Friday, August 31, 2007

Healthy Families, Healthy Students?

On Tuesday, the Board of Education waded into a hefty discussion on health care. On its face, the resolution titled "Healthy Families, Healthy Students" and authored by several of my colleagues on the Board, was about ensuring that students have at least 20 minutes to eat lunch. In fact, it was really an effort to increase the hours that some 2,000 cafeteria workers from 3 ½ hours to 4 hours in order to make them eligible for health benefits. Board Member Tamar Galatzan and I voted against the resolution, which passed 5-2 and will cost the District $35 million annually. The truth is that the increase in hours will have no effect on the amount of time students have to eat lunch. What’s more, we already have plans – that we can afford – in place that move us to ensuring students have at least 20 minutes to eat their lunch.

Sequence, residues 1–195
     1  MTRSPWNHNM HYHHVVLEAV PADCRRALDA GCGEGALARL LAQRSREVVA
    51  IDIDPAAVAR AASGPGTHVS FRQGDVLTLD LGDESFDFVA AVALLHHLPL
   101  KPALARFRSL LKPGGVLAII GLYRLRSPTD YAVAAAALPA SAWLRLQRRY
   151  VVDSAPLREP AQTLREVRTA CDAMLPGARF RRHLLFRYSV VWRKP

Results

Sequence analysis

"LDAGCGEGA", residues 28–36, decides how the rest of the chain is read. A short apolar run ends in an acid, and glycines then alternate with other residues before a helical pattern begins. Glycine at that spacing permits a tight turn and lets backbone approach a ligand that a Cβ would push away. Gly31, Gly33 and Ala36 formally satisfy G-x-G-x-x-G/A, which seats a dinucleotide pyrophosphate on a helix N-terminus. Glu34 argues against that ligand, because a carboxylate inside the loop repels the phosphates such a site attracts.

The Board of Education recently adopted extended and multiple lunch periods as a strategy to increase students’ access to the cafeteria. We also began implementing the results of a Labor Organization Study which will increase 269 3 ½ -hour cafeteria worker positions to both five and six-hour positions. These and other operational changes will do more to increase the likelihood that our students have enough time to eat than a blanket increase in hours that disregards the individual needs of schools.

I absolutely understand my colleagues’ desire to provide health care to all our employees and I attempted to introduce an amendment that would have directed our negotiations team to work with the unions to provide scaled benefits for these part-time employees. Sadly, the Board voted down this amendment, leaving the Superintendent to present to the Board on September 4 an additional $35 million in cuts for this school year. Both the LA Times and the LA Daily News reported on this issue and the LA Times editorial board seems to agree that this was an irresponsible action.

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